7 found
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James D. Fraser [5]James Duncan Fraser [2]
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James Fraser
University of Wuppertal
  1.  82
    The Real Problem with Perturbative Quantum Field Theory.James D. Fraser - 2020 - British Journal for the Philosophy of Science 71 (2):391-413.
    The perturbative approach to quantum field theory has long been viewed with suspicion by philosophers of science. This article offers a diagnosis of its conceptual problems. Drawing on Norton’s discussion of the notion of approximation I argue that perturbative QFT ought to be understood as producing approximations without specifying an underlying QFT model. This analysis leads to a reassessment of common worries about perturbative QFT. What ends up being the key issue with the approach on this picture is not mathematical (...)
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  2.  63
    Renormalization and the Formulation of Scientific Realism.James Duncan Fraser - 2018 - Philosophy of Science 85 (5):1164-1175.
    Providing a precise statement of their position has long been a central challenge facing the scientific realist. This paper draws some morals about how realism ought to be formulated from the renormalization group framework in high energy physics.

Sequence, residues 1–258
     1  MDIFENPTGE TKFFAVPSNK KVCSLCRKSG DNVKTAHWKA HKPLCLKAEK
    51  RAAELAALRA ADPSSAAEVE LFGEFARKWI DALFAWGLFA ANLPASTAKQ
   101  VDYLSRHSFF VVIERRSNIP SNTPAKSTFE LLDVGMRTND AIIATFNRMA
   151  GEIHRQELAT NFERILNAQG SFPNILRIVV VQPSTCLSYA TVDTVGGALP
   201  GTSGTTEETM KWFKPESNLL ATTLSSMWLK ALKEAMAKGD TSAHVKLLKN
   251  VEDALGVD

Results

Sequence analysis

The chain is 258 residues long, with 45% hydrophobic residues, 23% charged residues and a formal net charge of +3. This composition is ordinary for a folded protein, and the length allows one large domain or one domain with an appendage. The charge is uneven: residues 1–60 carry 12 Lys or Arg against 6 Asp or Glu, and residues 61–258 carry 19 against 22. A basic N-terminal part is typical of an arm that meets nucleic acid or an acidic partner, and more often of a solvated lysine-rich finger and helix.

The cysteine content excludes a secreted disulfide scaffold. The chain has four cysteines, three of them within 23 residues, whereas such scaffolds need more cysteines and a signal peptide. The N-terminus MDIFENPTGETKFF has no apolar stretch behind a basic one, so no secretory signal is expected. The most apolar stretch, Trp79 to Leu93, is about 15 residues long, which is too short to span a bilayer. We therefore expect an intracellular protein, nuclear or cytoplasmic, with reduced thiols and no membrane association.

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  3. Toward a realist view of quantum field theory.James D. Fraser - 2020 - In Steven French & Juha Saatsi (eds.), Scientific Realism and the Quantum. Oxford: Oxford University Press.
     
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  4.  54
    Knowledge of the Quantum Domain: An Overlap Strategy.James Duncan Fraser & Peter Vickers - forthcoming - British Journal for the Philosophy of Science.
  5.  51
    Spontaneous Symmertry Breaking in Finite Systems.James D. Fraser - 2016 - Philosophy of Science 83 (4):585-605.
    The orthodox characterization of spontaneous symmetry breaking in statistical mechanics appeals to novel properties of systems with infinite degrees of freedom, namely, the existence of multiple equilibrium states. This raises the same puzzles about the status of the thermodynamic limit fueling recent debates about phase transitions. I argue that there are prospects of explaining the success of the standard approach to SSB in terms of the properties of large finite systems. Consequently, despite initial appearances, the need to account for SSB (...)
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  6.  20
    The twin origins of renormalization group concepts.James D. Fraser - 2021 - Studies in History and Philosophy of Science Part A 89 (C):114-128.
  7.  32
    Taking approximations seriously: The cases of the Chew and Nambu-Jona-Lasinio models.Pablo Ruiz de Olano, James D. Fraser, Rocco Gaudenzi & Alexander S. Blum - 2022 - Studies in History and Philosophy of Science Part A 93 (C):82-95.
    In this article, we offer a detailed study of two important episodes in the early history of high-energy physics, namely the development of the Chew and the Nambu-Jona-Lasinio models. Our study reveals that both models resulted from the combination of an old Hamiltonian, which had been introduced by earlier researchers, and two new approximation methods developed by Chew and by Nambu and Jona-Lasinio. These new approximation methods, furthermore, were the key component behind the models’ success. We take this historical investigation (...)
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